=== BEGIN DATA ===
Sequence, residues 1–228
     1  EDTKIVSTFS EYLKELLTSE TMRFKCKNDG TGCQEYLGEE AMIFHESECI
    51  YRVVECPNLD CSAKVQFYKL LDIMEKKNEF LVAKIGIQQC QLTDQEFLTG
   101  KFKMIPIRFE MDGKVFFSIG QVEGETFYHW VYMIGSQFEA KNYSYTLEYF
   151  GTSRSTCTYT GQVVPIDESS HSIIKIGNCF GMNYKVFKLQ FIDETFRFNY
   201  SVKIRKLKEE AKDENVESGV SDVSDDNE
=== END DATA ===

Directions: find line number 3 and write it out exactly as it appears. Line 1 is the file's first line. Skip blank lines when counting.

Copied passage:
    51  YRVVECPNLD CSAKVQFYKL LDIMEKKNEF LVAKIGIQQC QLTDQEFLTG